Late night salivary cortisol measurements have been increasingly used as an initial diagnostic test for the evaluation of patients with a clinical suspicion of Cushing syndrome (CS). Published studies include varying numbers of cases and controls and importantly various assay methods (usually immunoassays), as well as various methods of generating normative values.
Materials and methods: We examined the diagnostic utility of salivary cortisol measurement in 258 patients evaluated for the possibility of CS because of various clinical conditions using liquid chromatography/tandem mass spectrometry method (LCMS/MS). CS was confirmed in 56 patients (21.7%) and excluded in 202 (78.3%) patients at the time of analysis. The patient population with CS included 39 (69.6%) with pituitary CS, 8 (14.9%) with ectopic CS, 9 (16.1%) with adrenal CS. Salivary specimen were collected at 1100 h using Sarstedt Salivette and LCMS/MS was used for analysis. Normal values <100 ng/dl between 1100 h and midnight were previously established using two standard deviations from the mean of a healthy population.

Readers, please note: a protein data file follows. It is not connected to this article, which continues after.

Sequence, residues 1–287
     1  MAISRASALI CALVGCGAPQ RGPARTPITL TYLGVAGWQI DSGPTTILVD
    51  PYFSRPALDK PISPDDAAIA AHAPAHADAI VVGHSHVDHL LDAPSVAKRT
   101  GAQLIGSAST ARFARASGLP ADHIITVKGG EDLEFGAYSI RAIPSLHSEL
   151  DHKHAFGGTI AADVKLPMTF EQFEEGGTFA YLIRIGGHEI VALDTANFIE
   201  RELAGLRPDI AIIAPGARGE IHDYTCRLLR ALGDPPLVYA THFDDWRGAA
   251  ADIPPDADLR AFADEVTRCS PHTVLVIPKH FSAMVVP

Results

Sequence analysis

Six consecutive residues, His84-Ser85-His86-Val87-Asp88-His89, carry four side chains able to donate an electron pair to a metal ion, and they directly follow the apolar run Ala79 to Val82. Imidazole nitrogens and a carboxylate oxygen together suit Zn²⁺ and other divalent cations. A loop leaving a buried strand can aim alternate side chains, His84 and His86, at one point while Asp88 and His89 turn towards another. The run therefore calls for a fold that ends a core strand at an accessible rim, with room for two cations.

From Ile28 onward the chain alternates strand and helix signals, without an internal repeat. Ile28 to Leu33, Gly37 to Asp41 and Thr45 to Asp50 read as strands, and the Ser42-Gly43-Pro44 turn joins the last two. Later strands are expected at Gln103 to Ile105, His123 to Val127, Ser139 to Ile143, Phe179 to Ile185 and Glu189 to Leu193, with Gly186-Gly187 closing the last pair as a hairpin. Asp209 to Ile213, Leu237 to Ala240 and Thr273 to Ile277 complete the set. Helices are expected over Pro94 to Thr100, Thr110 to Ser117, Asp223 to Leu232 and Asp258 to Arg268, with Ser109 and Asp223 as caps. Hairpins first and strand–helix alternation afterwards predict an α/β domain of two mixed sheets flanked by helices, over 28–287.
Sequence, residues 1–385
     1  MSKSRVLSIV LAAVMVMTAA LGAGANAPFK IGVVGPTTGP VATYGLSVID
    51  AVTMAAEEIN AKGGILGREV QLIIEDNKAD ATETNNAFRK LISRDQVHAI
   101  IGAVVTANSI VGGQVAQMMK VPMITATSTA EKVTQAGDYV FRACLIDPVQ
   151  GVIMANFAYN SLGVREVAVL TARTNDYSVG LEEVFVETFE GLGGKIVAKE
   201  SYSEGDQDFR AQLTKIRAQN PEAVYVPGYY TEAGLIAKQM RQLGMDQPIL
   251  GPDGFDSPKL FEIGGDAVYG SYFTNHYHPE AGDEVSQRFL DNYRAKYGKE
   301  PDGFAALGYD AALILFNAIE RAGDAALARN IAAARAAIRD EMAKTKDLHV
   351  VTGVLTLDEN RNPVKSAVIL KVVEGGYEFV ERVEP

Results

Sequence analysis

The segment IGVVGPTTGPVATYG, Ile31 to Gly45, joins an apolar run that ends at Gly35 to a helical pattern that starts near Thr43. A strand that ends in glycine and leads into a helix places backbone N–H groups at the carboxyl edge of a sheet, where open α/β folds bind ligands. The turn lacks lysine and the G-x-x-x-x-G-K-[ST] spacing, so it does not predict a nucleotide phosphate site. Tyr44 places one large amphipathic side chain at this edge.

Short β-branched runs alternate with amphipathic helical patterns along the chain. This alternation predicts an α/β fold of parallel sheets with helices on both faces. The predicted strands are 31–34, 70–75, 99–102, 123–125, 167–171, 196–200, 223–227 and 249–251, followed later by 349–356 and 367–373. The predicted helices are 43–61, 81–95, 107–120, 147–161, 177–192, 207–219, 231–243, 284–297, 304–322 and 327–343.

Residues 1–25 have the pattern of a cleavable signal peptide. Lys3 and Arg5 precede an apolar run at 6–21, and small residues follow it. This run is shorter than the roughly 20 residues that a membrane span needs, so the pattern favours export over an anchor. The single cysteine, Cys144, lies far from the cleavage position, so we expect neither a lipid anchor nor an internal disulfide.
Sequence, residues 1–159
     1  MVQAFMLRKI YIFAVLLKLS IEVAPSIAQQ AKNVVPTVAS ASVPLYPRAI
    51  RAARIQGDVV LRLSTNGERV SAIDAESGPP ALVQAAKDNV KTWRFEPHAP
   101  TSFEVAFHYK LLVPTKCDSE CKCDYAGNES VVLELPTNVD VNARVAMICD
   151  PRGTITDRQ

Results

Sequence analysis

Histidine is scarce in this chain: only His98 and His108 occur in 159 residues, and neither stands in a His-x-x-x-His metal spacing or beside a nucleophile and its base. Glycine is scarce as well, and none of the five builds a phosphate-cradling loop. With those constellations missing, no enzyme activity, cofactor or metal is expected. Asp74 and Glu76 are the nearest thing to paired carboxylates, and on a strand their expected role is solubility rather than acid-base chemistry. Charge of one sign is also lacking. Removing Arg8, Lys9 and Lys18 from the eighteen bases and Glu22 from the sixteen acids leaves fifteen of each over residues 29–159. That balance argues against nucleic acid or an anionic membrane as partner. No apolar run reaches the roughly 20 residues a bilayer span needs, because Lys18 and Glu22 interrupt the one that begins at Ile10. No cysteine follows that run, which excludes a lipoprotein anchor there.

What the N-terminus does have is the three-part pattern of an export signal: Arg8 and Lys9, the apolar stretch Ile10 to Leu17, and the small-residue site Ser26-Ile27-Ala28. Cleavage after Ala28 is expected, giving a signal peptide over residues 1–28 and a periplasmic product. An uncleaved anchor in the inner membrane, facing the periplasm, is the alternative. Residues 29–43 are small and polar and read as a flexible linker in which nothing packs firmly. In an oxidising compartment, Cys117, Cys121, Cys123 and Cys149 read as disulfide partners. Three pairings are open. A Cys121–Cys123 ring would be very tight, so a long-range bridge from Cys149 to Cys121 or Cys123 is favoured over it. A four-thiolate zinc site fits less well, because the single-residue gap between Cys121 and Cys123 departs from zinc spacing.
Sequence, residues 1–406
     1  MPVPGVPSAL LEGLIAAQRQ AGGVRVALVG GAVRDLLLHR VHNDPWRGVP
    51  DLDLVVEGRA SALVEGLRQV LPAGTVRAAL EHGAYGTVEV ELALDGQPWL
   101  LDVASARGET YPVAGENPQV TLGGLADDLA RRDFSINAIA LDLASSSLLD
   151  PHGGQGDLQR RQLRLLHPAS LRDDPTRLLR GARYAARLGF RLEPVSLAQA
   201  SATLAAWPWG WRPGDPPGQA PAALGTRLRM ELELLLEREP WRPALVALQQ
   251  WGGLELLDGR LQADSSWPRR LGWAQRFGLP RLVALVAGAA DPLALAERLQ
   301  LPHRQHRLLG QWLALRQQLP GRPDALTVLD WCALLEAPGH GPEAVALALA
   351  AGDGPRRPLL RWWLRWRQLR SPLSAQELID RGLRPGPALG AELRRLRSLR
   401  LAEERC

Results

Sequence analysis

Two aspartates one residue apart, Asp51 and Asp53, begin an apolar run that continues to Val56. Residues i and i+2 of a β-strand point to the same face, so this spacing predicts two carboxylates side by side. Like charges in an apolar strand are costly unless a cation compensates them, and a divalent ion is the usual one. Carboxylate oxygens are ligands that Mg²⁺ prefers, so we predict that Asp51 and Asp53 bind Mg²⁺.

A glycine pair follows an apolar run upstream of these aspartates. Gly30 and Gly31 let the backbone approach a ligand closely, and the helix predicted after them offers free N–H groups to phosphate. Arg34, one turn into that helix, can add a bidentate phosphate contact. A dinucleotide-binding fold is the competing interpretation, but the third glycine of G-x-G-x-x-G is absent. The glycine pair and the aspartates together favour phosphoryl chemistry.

Results: Late night salivary cortisol was elevated (>100 ng/dl) in 39/56 patients providing a sensitivity of 69.9% for the diagnosis of CS and elevated in 20/202 patients who were found not to have CS, specificity of 90.1%. When only patients with pituitary or ectopic CS were considered the sensitivity was 76.6% with specificity 90%. Using ROC to calculate the cut-off providing optimal sensitivity and specificity a late night salivary cortisol of >61 ng/dl provided a sensitivity of 82.1% and a specificity of 78.2%.
Conclusion: Analysis of data at one referral institution showed the somewhat limited sensitivity of late night salivary collection of cortisol. Therefore in patients with a high suspicion of CS and negative tests results other complementary tests for diagnosis of CS should be used and periodically repeating of testing should be implemented.
Prague, Czech Republic
24 - 28 Apr 2010
European Society of Endocrinology